The European Commission has raised the spectre of an economically damaging trade war with the UK, pledging to respond with “all measures at its disposal” if Liz Truss presses ahead with a plan to rewrite the Northern Ireland protocol.
The foreign secretary set out plans on Tuesday to table a bill that would make key changes to the protocol, including waiving all checks on goods flowing from Great Britain to Northern Ireland, where they are not destined for the Republic of Ireland.
She said the UK government still hoped to agree the changes it believes are necessary, calling these “comprehensive and reasonable”. “Our preference is to reach a negotiated outcome with the EU. We have worked tirelessly to that end and will continue to do so,” she said.
But she claimed the protocol in its current form jeopardised the stability of the Good Friday agreement, which she said was “under strain” – and the government would act unilaterally if necessary.
“To respond to the very grave and serious situation in Northern Ireland we are clear that there is a necessity to act to ensure the institutions can be restored as soon as possible,” Truss said.
Part of the government’s motivation is to placate the Democratic Unionist party, which is refusing to enter a power-sharing government with Sinn Féin at Stormont unless the protocol is altered.
The DUP’s Westminster leader, Jeffrey Donaldson, said Truss’s statement was “a welcome if overdue step that is a significant move towards addressing the problems created by the protocol, and getting power-sharing, based upon a cross-community consensus, up and running again”.
His party would like to see progress on the legislation “in days and weeks, not months”, he said.
Truss called for the EU’s top official in charge of UK relations, Maroš Šefčovič, to be given a rewritten negotiating mandate that would allow the protocol to be revised. However, Šefčovič responded to Truss’s statement by issuing a veiled warning that the UK could lose its free trade arrangements with the EU if it went ahead.
Šefčovič, a European Commission vice-president who has been leading talks on changes to the protocol, said Truss’s proposals raised “significant concerns”, adding: “Unilateral actions contradicting an international agreement are not acceptable.”
“Should the UK decide to move ahead with a bill disapplying constitutive elements of the protocol as announced today by the UK government, the EU will need to respond with all measures at its disposal,” he said in a statement.
The EU could hit UK goods with tariffs within seven days of legal action or freeze the entire trade deal agreed with Boris Johnson in 2020, two of three immediate weapons at their disposal, according to Catherine Barnard, an EU law professor at the University of Cambridge. Legal action against the UK that was frozen as a goodwill gesture last year would probably be restarted.
Truss said the new legislation would be published within weeks, including plans to create a “green channel” allowing goods to be exported from Great Britain to Northern Ireland without checks as long as they are not destined for the Republic of Ireland.
She said this would create a “dual regulatory system that encompasses either EU or UK regulation as those businesses choose; that reflects its unique status of having a close relationship with the EU, while being part of the UK single market”.
The legislation would also let the UK determine tax and spending in Northern Ireland. Truss pointed to the chancellor’s recent decision to cut VAT on green energy installations, which she said he was unable to implement in Northern Ireland.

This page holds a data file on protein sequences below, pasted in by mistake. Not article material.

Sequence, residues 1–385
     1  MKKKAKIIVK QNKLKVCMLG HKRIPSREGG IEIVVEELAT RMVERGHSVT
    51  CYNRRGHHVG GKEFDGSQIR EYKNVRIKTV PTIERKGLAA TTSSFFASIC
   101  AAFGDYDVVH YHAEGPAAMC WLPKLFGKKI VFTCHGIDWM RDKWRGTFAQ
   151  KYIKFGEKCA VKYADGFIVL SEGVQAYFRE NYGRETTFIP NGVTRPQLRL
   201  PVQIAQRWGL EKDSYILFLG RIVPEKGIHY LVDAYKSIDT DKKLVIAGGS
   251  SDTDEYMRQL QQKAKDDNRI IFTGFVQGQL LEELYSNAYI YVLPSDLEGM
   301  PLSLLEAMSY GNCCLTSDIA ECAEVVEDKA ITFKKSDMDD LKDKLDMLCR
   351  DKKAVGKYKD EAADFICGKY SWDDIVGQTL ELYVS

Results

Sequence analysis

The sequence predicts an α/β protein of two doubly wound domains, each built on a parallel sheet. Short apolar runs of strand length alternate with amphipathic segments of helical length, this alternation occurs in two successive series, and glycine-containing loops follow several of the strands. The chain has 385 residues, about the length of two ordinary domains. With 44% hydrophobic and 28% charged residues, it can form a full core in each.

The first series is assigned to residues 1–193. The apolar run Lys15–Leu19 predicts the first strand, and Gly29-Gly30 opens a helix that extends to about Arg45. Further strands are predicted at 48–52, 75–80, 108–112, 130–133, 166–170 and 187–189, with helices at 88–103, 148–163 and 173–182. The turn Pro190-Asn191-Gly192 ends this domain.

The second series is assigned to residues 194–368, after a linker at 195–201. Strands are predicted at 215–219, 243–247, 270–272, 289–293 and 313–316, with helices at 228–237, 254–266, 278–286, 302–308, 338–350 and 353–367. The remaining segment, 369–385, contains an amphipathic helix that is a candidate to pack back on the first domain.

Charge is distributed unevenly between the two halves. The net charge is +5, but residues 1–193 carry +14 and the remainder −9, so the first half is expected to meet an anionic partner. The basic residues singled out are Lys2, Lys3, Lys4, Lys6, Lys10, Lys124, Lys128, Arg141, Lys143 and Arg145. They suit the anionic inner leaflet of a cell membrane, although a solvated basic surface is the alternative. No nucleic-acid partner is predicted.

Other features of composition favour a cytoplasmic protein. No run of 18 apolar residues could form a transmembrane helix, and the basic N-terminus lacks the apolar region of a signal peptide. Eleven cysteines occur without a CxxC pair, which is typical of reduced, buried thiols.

Brussels sources say no decisions have been taken about how to respond if Truss does legislate and expressed hope the UK would return to the negotiating table to discuss changes proposed by the EU. It was suggested that if the government tabled a bill, Brussels would issue a formal warning and launch a process to decide on retaliatory measures.
EU insiders believe the UK has never seriously engaged with what they see as far-reaching proposals to lighten customs and administrative checks made by Šefčovič last October.
However, Truss dismissed these in the Commons. “Their current proposals are not able to address the fundamental concerns. In fact it is our assessment that they would go backward from the situation we have today with the standstill,” she said.
EU sources also point out that a change in mandate would require unanimous signoff by all member states.
They said there was no desire to change Šefčovič’s mandate to enable wholesale changes to the protocol, a matter Truss described as a “fundamental issue”. The senior EU diplomat poured cold water on this idea, saying: “The EU doesn’t have a mandate, the protocol is the mandate.”
The resurgence of the Northern Ireland row with the UK is seen by the EU as an unwelcome distraction at a time when Ukraine is fighting off a brutal Russian invasion.
David McAllister, a German Christian Democrat MEP who chairs the European parliament’s foreign affairs committee, said: “If you look at what is happening in the middle of Europe, a fully fledged military invasion, a horrible, horrific war and we are discussing again and again issues in Northern Ireland, which I believe could be solved with a bit of goodwill in London.”
The influential chair of a US congressional committee, Richard Neal, who is heading to London and Brussels in the coming days in an attempt to head off further deterioration of Anglo-Irish relations, warned: “Northern Ireland shouldn’t be held hostage in the political process, rather all parties must stay the course and continue to work together to find durable solutions.”
Neal is leading a delegation of at least half a dozen US congressional representatives to Europe amid rising tension over the Northern Ireland protocol. His trip will take in London, Brussels, Dublin and Belfast.